I recently travelled to Scotland, where I spent some great times with family in the Scottish Highlands. I have happy memories visiting this part of the world as a young girl.
The April weather we experienced varied from snow on the top of the Cairngorms mountains (really) to sunshine and highs in the 50s in the town of Inverness. The stunning natural beauty of the area almost makes the challenging weather worth it! I have to admit that the frequent rain does contribute to the gorgeous green pastures, which in turn provide lots of grazing opportunities for the plentiful sheep and highland cattle.I have a bit of an obsession with the Outlander books, so went on a sort of Jamie and Claire odyssey. For the uninitiated, Outlander is a time-travelling romance that follows the story of Claire Randall, a married combat nurse from 1945 who is mysteriously swept back in time to 1743. Over time, she ends up passionately in love with Scottish Jamie Fraser, a brave warrior from this era.
The story begins with Claire entering a fictional stone circle called “Craigh na Dun,” which has magical powers and facilitates her time travel. This is said to have been inspired by a similar location that I visited near Inverness, the Clava Cairns, a huge mound of rough stones about 4,000 years old and built to house the dead in these ancient times.
It actually was a pretty spooky place, although Outlander author, Diane Gabaldon, clearly built on it with her inspired imagination. This prehistoric burial ground has remained a sacred place in in Northern Scotland for millennia and provides many clues to the beliefs of Scottish society back in the Bronze Age. There is more information at visitscotland.com.
Our next stop was Culloden, which overlooks Inverness and is where a crucial battle in history took place on April 16, 1746 – this battle and Claire’s knowledge of Scottish history is also central to the plot of Outlander.
As we approached the battlefield on a sunny afternoon, the visitor information signs reminded us that many war dead were buried here, perhaps a couple of thousand, and one which caught my eye stated, “Culloden was the last battle on British soil and marked the end of clan culture and was the harbinger of the Highland Clearances. It ensured the inevitability of the American Revolution and increased the outpouring of Scots across the globe.”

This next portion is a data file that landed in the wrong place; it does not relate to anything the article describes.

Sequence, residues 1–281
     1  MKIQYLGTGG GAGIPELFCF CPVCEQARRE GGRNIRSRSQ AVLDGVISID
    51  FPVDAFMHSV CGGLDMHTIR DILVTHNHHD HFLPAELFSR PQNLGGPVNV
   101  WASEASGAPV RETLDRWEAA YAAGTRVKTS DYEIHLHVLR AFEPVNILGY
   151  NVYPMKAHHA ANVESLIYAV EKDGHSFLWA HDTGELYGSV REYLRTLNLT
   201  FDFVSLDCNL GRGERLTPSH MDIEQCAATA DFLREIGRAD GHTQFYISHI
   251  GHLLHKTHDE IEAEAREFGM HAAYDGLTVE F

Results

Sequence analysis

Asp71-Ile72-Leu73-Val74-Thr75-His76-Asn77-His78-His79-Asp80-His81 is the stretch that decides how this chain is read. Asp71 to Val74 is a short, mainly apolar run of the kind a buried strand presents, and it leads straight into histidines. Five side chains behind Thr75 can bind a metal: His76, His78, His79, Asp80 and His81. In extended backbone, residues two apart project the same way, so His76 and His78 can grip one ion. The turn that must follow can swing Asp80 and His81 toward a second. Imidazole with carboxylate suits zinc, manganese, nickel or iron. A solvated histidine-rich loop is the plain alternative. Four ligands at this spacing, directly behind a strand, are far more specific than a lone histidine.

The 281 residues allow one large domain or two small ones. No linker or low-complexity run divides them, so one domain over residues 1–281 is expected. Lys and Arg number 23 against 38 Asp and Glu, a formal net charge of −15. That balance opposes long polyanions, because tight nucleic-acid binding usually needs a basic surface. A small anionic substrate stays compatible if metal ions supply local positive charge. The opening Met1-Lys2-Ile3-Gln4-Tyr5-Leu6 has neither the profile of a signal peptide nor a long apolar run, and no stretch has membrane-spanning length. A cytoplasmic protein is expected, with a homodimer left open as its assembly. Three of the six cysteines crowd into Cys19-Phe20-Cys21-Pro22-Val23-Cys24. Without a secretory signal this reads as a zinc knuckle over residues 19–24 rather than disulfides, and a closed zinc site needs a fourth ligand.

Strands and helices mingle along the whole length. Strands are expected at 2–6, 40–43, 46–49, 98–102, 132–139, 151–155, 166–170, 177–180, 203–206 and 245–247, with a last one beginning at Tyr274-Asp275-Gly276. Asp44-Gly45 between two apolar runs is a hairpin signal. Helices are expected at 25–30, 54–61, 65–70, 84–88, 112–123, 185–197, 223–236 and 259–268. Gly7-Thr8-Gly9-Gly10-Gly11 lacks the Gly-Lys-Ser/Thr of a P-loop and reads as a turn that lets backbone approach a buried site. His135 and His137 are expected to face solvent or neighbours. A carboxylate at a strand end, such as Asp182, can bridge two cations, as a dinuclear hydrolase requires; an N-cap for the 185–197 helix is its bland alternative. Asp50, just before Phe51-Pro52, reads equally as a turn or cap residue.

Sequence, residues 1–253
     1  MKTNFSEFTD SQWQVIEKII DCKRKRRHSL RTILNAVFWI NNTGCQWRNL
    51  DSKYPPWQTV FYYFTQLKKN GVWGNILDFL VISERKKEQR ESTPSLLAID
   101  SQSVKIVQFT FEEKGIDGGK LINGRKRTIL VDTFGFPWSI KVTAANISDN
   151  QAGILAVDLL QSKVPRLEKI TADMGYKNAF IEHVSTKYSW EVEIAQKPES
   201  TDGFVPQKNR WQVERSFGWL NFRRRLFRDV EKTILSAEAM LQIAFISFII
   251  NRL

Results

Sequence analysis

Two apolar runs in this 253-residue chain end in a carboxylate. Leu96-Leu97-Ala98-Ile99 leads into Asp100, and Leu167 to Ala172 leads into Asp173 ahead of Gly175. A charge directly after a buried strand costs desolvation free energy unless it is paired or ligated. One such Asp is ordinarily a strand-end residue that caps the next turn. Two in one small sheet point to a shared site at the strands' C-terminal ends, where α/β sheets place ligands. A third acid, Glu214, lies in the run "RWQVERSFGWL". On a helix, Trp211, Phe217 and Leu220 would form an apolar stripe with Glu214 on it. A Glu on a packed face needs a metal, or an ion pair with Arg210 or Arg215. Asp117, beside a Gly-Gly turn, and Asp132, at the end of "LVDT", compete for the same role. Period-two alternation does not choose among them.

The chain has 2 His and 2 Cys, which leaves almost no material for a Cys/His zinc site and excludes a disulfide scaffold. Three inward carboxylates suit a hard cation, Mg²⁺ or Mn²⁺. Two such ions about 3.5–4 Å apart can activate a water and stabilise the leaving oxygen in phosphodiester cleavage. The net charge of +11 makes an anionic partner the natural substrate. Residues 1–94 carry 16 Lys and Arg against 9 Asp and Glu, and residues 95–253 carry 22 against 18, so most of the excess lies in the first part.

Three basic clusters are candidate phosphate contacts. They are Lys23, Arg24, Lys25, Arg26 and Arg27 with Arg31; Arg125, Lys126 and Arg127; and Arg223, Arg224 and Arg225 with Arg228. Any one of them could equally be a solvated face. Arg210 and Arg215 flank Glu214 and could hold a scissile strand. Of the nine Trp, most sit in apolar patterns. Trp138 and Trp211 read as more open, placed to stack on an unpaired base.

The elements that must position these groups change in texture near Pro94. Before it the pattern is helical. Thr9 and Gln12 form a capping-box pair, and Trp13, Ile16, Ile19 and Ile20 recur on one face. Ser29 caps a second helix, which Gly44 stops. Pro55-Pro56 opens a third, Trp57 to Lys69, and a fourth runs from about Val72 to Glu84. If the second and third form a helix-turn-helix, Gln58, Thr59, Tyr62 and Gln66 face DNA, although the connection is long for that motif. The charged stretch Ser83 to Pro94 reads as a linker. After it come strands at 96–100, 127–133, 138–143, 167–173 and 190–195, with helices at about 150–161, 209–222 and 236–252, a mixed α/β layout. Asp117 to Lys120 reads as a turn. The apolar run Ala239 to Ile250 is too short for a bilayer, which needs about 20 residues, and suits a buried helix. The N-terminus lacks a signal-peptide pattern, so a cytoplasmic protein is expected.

Wow, that is a big claim. How can this battle from the 1700s in the remote north of Scotland have “ensured the inevitability of the American Revolution?” Well, it takes a little explaining. The Battle of Culloden was the final confrontation of the “Jacobite Rising,” which began in 1745. This was an attempt to overthrow the House of Hanover (the English Royal family, who were Protestant) and restore the Catholic and Scottish- based House of Stuart to the British throne. Having failed in their attempt to gain support in England and advance on London, the Jacobites led by Scottish Prince Charles Edward Stewart (known widely then and now as “Bonnie Prince Charlie”) had retreated all the way back to the far north of Scotland at Inverness.
The well-supplied English king’s army was led by the Duke of Cumberland, son of King George II. His troops were in much better shape than the depleted, tired and half-starved Highlanders.
The day of the battle was freezing cold and raining hard, and the weather and marshy ground did not favor the poorly equipped Scots, who were bombarded with gunfire. When the Highlanders charged the English Redcoat soldiers, many died in the subsequent hand to hand fighting.
Today, flags and memorial stones mark the places where this took place and remind us that within less than an hour, the defeated Highlanders were forced to flee for their lives. Over the weeks that followed, many of the Jacobites that managed to escape the battlefield were hunted down and killed. Bonnie Prince Charlie himself was able to hide on the run for five months thanks to the support, bravery and help of the Scottish people, and then he managed to flee to France, never to return to the British Isles. This was the end of Scottish dreams to rule Britain and, worse yet, the English were harsh in their subsequent occupation of Scotland, leading many Scots to flee to both France and America.
The relatively high levels of Scottish immigration across the Atlantic, plus their long-standing animosity towards the English, were a significant factor in the march of the American colonies to seek independence. See historic-uk.com if you would like to know more.
There is much more to the history and geography of this beautiful country, but that will have to wait for another column. I sign off this week with a very accurate quote from American author and journalist Raymond Bonner: “If you don’t like Scottish weather, wait 30 minutes, and it is likely to change.” God bless America, and Scotland, too!